Known to Chinese audiences as Sing Lung, meaning "to become a
Chan Kong-Sang in Hong Kong, 7 April 1954.
Studied at Peking Opera School, Hong Kong, 1961–71.
1962—screen debut in the Cantonese film
Huang Tian Ba
, subsequently appeared as child actor in more than 20 films;
1972–73—worked as film stuntman and martial artist;
1976—contracted as lead actor by Lo Wei Film Company;
1978—first real success with two films for Ng See-Yuen's
Seasonal Film Corporation; 1979—directed himself for the first time
The Fearless Hyena
; 1980—made first film for major Golden Harvest company;
mid-1980s—co-founder, Golden Way production company;
1995—received first widespread North American attention with
Rumble in the Bronx
Little Tiger from Canton
Enter the Dragon ( The Deadly Three ) (Clouse)
Countdown in Kung Fu ( Hand of Death ) (Woo)
Xin Ching-Wu Men ( New Fist of Fury ) (Lo Wei) (as Ai Long); Shaolin Wooden Men ( 36 Wooden Men ; Shaolin Chamber of Death ) (Ch'en Chih-Hua and Lo Wei); The Killer Meteors (Lo Wei)
Snake and Crane Arts of Shaolin (Ch'en Chih-Hua)
To Kill with Intrigue (Lo Wei); Magnificent Bodyguards (Lo Wei); Snake in the Eagle's Shadow ( The Eagle's Shadow ) (Yuen Woo-ping); Spiritual Kung-Fu ( Karate Ghostbuster ) (Lo Wei)
Dragon Fist ( In Eagle Dragon Fist ) (Lo Wei); Drunken Master ( Drunken Monkey in a Tiger's Eye ; The Story of Drunken Master ) (Yuen Woo-ping) (as Huang Fei-hong)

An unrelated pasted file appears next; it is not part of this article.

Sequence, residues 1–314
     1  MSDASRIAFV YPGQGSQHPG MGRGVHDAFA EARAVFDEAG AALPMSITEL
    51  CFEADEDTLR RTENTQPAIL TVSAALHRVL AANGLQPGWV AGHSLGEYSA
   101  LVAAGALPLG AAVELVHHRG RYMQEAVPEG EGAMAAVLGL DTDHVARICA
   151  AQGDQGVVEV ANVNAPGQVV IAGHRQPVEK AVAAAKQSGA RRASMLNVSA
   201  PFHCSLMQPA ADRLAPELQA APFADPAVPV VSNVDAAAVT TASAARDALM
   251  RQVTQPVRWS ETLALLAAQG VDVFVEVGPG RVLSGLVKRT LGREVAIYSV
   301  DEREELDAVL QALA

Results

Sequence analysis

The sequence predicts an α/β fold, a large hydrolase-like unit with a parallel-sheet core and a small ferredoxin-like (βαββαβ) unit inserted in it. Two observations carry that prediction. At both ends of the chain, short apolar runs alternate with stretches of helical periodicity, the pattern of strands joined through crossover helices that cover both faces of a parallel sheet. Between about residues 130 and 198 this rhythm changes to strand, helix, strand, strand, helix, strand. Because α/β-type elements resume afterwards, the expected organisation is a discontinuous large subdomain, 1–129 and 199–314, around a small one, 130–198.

The Big Brawl ( Battle Creek Brawl ) (Clouse) (as Jerry); Half a Loaf of Kung Fu (Ch'en Chi-Hua) (+ martial arts director)
The Cannonball Run (Needham) (as Subaru driver no. 1); Snake Fist Fighter
Winners and Sinners (Samo Hung); The Fearless Hyena: Part 2 (Chuen Chan)
Cannonball Run 2 (Needham) (as Jackie); Meals on Wheels (Samo Hung); Eagle's Shadow (Yuen Woo-ping)
My Lucky Stars (Samo Hung) (as Muscles); Twinkle, Twinkle, Lucky Stars (Samo Hung); First Mission ; The Protector (Glickenhaus) (as Billy Wong); Ninja Thunderbolt (Ho)
Heart of the Dragon ( The First Mission ) (Samo Hung)
Dragons Forever (Samo Hung); Fist of Death
The Deadliest Art: The Best of the Martial Arts Films (Weintraub—compilation)
City Hunter (Jing Wong) (as Ryu Saeba); Supercop: Police Story III (Stanley Tong) (as Chan Chia-chu); Twin Dragons (Ringo Lam and Hark Tsui) (as John Ma/Boomer)
Police Story 4: Project S ( Once a Cop ; Project S ; Supercop 2 ) (Stanley Tong); Crime Story (Kirk Wong) (as Inspector Eddie Chan)
Hong Faan Kui ( Rumble in the Bronx ) (Stanley Tong) (as Ah Keung, + martial arts director); Thunderbolt
Rumble in the Bronx (Tong) (as Keung); Supercop 3 (Tong) (as Detective Kevin Chan/Fu Sheng)
Rush Hour (Ratner) (as Detective Inspector Lee)
Gorgeous (Kok) (as C.N. Chan); The King of Comedy (Chow, Lee); Tejing xinrenlei (Chan)